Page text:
Recently, news of an attempt to revamp Stanford’s undergraduate core requirements under a new “first-year shared intellectual experience” has initiated a torrent of conversations regarding the ethos of our school. Any discussion of liberal arts at Stanford prompts questions like what is the objective of the WAYS breadth requirements in the first place? Should we ask our students, many of whom dream of changing the world through technology, to spend time on cumbersome requirements that push them out of their fields of comfort? What value is there in toiling through the world of the humanities, when the majority of students probably have no conscious intention of interacting with humanistic inquiry professionally? Many in this school, even the most ardent STEM students, would likely answer that some interaction with the humanities is important to avoid the moral bankruptcy that seems to plague Silicon Valley today. Ingrained in this conception is the idea that the liberal arts are interchangeable with abstract ethical understanding. Take that THINK class and you won’t become the next Mark Zuckerberg, having to defend yourself before a congressional hearing.
Even though most students at Stanford likely agree that humanities classes contribute to developing a sense of ethics, the current rhetoric surrounding the humanities core fails to mention how exactly the humanities make us better employees, friends and citizens. The widespread misunderstanding caused by this failure compromises students’ ability to truly benefit from the liberal arts classes forced upon them. Too often, these explanations gesture to connecting us to our emotions as a way of inexplicably making us better people, or to the even shallower notion that the humanities are an instruction manual to basic universal truths that students should memorize and commit to living by. This notion presupposes that ethics can be taught as flashcards that read “Kant” on one side and “Don’t use human beings as a means to an end” on the other, or “Locke” and “Human beings have certain inalienable rights to life, liberty and property that cannot be abridged by government.”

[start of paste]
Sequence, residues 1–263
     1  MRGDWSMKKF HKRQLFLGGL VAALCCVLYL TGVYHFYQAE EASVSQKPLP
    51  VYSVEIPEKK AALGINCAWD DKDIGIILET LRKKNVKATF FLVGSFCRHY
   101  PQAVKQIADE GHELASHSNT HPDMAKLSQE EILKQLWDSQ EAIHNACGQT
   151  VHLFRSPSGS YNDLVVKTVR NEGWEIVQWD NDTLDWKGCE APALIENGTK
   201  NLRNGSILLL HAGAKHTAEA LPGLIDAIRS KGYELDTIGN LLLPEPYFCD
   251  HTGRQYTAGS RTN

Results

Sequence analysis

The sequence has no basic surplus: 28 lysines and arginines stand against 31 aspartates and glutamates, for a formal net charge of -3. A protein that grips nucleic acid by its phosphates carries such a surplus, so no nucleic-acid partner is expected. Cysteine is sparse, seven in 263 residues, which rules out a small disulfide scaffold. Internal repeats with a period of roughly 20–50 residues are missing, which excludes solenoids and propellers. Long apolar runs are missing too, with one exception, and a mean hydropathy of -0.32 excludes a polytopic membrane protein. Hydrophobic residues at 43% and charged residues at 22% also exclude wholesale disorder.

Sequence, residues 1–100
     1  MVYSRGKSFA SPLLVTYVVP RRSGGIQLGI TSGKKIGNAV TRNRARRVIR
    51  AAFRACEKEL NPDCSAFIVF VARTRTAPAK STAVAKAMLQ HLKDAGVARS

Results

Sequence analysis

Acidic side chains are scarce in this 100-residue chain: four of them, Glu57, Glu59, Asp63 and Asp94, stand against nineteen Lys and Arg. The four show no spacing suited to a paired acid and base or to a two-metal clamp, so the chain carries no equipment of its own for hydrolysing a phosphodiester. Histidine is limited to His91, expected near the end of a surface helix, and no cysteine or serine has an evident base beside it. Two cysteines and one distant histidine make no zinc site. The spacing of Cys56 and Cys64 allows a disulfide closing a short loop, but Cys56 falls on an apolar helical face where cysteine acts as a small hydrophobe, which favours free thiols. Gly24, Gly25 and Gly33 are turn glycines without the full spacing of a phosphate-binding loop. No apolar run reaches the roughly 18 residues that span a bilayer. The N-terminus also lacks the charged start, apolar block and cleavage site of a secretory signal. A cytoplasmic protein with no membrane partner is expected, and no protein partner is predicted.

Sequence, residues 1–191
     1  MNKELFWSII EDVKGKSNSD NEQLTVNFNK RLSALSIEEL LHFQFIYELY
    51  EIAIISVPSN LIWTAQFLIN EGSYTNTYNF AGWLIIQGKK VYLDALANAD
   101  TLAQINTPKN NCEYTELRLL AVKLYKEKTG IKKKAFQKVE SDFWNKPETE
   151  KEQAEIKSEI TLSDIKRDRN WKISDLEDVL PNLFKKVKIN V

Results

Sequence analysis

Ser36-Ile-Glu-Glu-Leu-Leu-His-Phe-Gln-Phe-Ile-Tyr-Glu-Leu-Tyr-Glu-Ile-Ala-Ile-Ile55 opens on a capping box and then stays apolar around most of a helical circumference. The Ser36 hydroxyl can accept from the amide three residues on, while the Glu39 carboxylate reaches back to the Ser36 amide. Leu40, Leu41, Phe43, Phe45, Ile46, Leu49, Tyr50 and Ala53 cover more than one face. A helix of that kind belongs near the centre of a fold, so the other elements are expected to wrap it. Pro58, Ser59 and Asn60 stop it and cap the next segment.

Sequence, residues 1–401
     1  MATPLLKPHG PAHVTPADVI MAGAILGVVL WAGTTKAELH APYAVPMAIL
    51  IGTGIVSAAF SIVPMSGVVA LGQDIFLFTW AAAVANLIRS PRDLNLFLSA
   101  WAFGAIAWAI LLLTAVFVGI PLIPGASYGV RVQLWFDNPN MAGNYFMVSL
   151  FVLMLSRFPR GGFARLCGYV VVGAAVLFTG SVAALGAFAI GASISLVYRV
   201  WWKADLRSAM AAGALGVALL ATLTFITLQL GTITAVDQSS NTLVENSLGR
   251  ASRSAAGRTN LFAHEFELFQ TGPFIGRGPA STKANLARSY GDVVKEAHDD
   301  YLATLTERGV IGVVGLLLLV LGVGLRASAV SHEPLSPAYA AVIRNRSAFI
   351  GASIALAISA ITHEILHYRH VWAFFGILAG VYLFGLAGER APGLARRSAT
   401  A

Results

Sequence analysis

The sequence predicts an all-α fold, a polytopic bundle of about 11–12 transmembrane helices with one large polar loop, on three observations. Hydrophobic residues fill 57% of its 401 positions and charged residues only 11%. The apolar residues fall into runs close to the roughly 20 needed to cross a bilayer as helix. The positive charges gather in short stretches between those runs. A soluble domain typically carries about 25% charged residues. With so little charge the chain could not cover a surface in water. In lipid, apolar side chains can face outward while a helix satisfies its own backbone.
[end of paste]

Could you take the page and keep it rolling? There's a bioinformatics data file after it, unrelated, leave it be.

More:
Such a false conception of the humanities creates a prejudice that undermines the educational value of the liberal arts. A foray into philosophy, literature or art is not intended to drill a few preselected values; we do not study the humanities for their content at all, actually. The liberal arts are about how we think, far more than what we think. Rather than thinking of the humanities as an exercise in committing certain ethical truths to memory, we must instead see it as an opportunity to cultivate our own moral compasses and capacities to discern right from wrong. This, in turn, is based upon sharpening our own critical thinking abilities through reflection upon texts and art, debate about those reflections, reflections upon those debates and so on. Put another way, we need classes that give our brains’ critical processing a workout.
It is here that one of the worst misconceptions about the humanities gets exposed: that the humanities center on emotional expression, counterposed to rational and logical reasoning, often associated with STEM fields. The truth is the exact opposite. An education in the humanities is an education in deliberation. Deliberation comes etymologically, from “de-liberating” or “un-freeing” ourselves from passion to instead deal in reason and logic. The only way to do that, paradoxically though, is by being in touch with our emotions, freeing ourselves from being subconsciously dominated by our feelings. It is the STEM students, on the other hand, who in failing to fully explore their emotions are unknowingly beholden to them, doing what feels right by blindly chasing the golden geese of startup internships and VC funding without deliberating and mapping out the ramifications of their actions. An analyst familiar with humanistic reasoning still reaches conclusions from logic and evidence; however, they crucially have an ability to see the biases and blind spots in their own rational capabilities that poison the foundational links in the logical chain.
The liberal arts are the continuation of an intellectual tradition originally idealized by the Greek notion of paideia, the education of an ideal member of the state. The liberalism of the Enlightenment furthered that central to any educational mission must be prowess in individual analysis. Stanford’s paideia must include assessing how our decisions at work, at home, and at the ballot box affect our neighbors as well as ourselves; meanwhile, it must not succumb to groupthink. It must embrace the Enlightenment tradition of critical thinking and refine our individual capabilities to ethically reason — a focus, as previously stated, primarily on the how and secondarily on the what.
A friend of mine in Turkey ossified the critical nature of this task for me during my last visit to the country several years ago, in the wake of its most recent coup but still predating its dramatic slide into autocracy, when she gravely turned to me and said, “They told us not to waste our time with arts, literature or politics, that we needed engineers who could build real things. Look at us now.” So as we continue to discuss and implement changes to our liberal arts requirements, let her words serve as a reminder that even established, supposedly stable democracies cannot afford to fail in the quest for true paideia.